The anthem "The Never Ending Song of Praise" by Ed Harris is published by Hinshaw HMC-913 [1987]. This piece is scored for SATB voices and keyboard (E-M).

Suggestions for offertory music can be found in the following resources:

GENEVAN 134/OLD HUNDREDTH ["Praise God, from Whom All Blessings Flow"]

Burkhardt, Michael. Five Psalm Improvisations. Morningstar MSM-10-511 [1997] (E-M)
Burkhardt, Michael. Praise and Thanksgiving, set 2. Morningstar MSM-10-752 [1989] (E-M)
Callahan, Charles. Psalm of Praise. Concordia 97-6790 [1999] (E-M)
Callahan, Charles. Two Festive Organ Pieces. Morningstar MSM-10-761 [1999] (E-M)
Cherwien, David. Interpretations, bk. 8. AMSI SP-105 [1991] (M)
Ferguson, John. Three Psalm Preludes. Augsburg 11-10823 [1997] (M)
Johnson, David N. Twelve Hymn Settings for Organ. Schmitt 7634 [1976] (M)
Jordan, Alice. Worship Service Music for the Organist. Broadman 4570-27 [1975] (E-M)
Krapf, Gerhard. Sing and Rejoice, vol. 3. SMP KK278 [1983] (E-M; adaptable for piano)
Purcell, Henry. A Collection of Thanksgiving Music. H. W. Grey [1938] (E-M)
Willan, Healy. Ten Hymn Preludes, set 1. Peters 6011 [1956] (E-M)

Hayes, Mark. Lord Be Glorified. Word 301 0047 312 [1990] (M)

Kerkorian, Greg. Old Hundredth. Lake State HB00066 [2000] (3 octaves, M)

A choral resource and postlude suggestions based on the closing hymn are available in:

GROSSER GOTT ["Holy God, We Praise Your Name"]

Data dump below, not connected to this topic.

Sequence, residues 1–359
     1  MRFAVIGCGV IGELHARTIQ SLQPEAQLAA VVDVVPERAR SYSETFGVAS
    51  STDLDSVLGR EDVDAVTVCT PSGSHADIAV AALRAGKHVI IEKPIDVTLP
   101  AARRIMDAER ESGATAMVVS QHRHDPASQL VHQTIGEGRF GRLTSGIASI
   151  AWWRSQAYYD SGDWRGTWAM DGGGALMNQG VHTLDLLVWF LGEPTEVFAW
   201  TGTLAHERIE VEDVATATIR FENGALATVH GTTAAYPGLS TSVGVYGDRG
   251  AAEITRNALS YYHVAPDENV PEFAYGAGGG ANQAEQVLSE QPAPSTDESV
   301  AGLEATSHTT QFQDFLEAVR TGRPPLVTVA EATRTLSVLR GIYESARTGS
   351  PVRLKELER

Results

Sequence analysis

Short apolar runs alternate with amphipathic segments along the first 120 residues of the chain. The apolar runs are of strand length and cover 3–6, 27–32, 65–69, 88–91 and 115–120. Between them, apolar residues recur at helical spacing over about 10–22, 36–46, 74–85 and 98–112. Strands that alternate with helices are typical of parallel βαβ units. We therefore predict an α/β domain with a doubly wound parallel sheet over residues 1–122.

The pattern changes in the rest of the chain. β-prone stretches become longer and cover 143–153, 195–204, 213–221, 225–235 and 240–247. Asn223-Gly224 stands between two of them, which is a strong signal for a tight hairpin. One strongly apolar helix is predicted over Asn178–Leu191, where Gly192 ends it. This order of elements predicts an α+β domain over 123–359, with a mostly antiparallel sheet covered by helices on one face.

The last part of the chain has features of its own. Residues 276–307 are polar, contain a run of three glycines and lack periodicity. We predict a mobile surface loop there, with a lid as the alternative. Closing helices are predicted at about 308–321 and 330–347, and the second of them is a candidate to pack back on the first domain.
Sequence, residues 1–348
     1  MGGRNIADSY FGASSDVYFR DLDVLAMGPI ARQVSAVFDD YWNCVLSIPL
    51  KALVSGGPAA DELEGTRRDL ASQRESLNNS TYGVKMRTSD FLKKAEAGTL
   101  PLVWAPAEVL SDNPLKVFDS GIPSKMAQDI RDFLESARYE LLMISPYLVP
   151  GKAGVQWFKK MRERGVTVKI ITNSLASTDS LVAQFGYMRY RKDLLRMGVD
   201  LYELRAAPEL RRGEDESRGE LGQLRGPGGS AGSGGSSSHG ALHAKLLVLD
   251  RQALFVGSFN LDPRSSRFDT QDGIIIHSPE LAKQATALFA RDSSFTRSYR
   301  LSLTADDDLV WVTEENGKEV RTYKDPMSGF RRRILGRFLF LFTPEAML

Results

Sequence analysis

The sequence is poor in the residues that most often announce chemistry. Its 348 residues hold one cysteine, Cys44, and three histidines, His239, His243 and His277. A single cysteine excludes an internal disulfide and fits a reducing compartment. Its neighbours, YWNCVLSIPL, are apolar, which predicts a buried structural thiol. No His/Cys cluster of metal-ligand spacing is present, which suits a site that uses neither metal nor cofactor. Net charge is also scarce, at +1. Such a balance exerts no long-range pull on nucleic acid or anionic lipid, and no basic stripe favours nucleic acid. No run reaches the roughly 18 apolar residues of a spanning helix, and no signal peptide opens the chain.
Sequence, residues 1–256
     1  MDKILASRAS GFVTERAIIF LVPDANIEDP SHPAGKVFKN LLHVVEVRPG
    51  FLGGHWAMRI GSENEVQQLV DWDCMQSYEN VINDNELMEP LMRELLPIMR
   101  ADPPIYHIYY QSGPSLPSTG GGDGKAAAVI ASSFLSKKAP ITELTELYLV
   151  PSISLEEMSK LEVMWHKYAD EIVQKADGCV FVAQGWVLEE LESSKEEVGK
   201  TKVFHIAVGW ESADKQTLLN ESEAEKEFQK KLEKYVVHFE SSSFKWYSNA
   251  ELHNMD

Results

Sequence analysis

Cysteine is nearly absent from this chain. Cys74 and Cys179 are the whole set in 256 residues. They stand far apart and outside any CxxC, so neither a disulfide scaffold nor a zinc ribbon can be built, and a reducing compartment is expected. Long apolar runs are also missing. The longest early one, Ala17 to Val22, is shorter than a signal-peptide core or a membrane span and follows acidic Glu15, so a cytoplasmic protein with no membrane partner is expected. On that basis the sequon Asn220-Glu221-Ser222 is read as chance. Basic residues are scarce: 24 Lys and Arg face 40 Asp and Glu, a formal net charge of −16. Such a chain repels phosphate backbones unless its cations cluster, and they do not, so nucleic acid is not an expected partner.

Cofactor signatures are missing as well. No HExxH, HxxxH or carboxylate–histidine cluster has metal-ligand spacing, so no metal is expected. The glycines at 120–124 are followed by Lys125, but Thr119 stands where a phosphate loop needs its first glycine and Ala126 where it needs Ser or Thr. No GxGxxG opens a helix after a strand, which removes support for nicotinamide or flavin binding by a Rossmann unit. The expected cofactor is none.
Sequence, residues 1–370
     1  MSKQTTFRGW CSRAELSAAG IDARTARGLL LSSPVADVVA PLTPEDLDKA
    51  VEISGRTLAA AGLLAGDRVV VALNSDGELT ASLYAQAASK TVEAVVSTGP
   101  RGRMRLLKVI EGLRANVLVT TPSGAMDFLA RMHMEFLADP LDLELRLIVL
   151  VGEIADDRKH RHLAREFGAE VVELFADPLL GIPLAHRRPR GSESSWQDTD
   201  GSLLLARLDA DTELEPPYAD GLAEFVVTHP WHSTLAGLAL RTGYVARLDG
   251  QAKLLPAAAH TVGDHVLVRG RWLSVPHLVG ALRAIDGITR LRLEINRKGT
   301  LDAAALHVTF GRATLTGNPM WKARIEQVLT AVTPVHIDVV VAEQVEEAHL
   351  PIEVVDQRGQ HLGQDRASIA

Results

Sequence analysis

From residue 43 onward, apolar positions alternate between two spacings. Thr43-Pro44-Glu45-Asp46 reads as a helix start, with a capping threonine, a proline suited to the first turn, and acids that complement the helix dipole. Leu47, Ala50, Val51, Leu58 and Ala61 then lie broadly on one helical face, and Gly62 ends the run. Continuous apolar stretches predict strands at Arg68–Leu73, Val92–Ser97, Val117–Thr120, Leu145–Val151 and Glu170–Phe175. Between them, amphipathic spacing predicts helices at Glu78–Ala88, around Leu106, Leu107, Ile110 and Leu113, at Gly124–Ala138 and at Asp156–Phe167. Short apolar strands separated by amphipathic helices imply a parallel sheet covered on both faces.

Choral Resource:
Ferguson, John. Holy God We Praise Thy Name. GIA G-3167 [1988]
(SATB, congregation, organ and opt. brass quartet; M)

Bish, Diane. The Diane Bish Organ Book, vol. 1. Fred Bock B-G0548 [1980] (E)
Burkhardt, Michael. Praise and Thanksgiving, set 4. Morningstar MSM-10-754 [1991] (E-M)
Dahl, David P. Hymn Interpretations. Augsburg 11-10972 [1999] (E-M)
Held, Wilbur. Hymn Preludes for the Pentecost Season. Concordia 97-5517 [1979] (E-M)
Hobby, Robert A. Three Hymns of Praise, set 5. Morningstar MSM-10-760 [1998] (E-M)
Manz, Paul. God of Grace. Morningstar MSM-10-599 [2004] (D)
Manz, Paul. Ten Chorale Improvisations, set 8. Concordia 97-5342 [1979] (D)
Peeters, Flor. 30 Chorale Preludes, set 3. Peters 6025 [1950] (M-D)

Wiltse, Carl. Holy God, We Praise Your Name. Stained Glass SGM-136 (4 octaves [3-4
octaves hand chimes], level 4)

Liturgy Notes

1. In the liturgy we have reformulated the statements of the catechism (Lord's Day 52, Q&A 128-129) so they become the verbal prayer of the congregation in response to the sermon. If you decide not to use it as a prayer, we suggest inserting the reading of this passage into the liturgy somewhere appropriate. To reprint for personal use, a ministry setting, or classroom use, include this credit line: © 1987, CRC Publications, Grand Rapids MI. Reprinted with permission.

2. The response section of this service includes the participation of worshipers in both song and readings that are an opportunity to express our praise and adoration to God. The conclusion of the service should not be hurried. Worshipers need to linger in the presence of God and express their doxologies before leaving.

3. The Prayers of the People may take any one of the forms it has taken in previous weeks. We've encouraged that each week during this series this prayer be an expression of or built around the Lord's Prayer. We have offered several alternatives in the preceding weeks: an extended paraphrase of the Lord's Prayer with phrases from one of the catechisms, a prayer structured according to the Lord's Prayer with each line expanded according to the prayers written by the leader, or a combination of sung and spoken words.

Also in this series: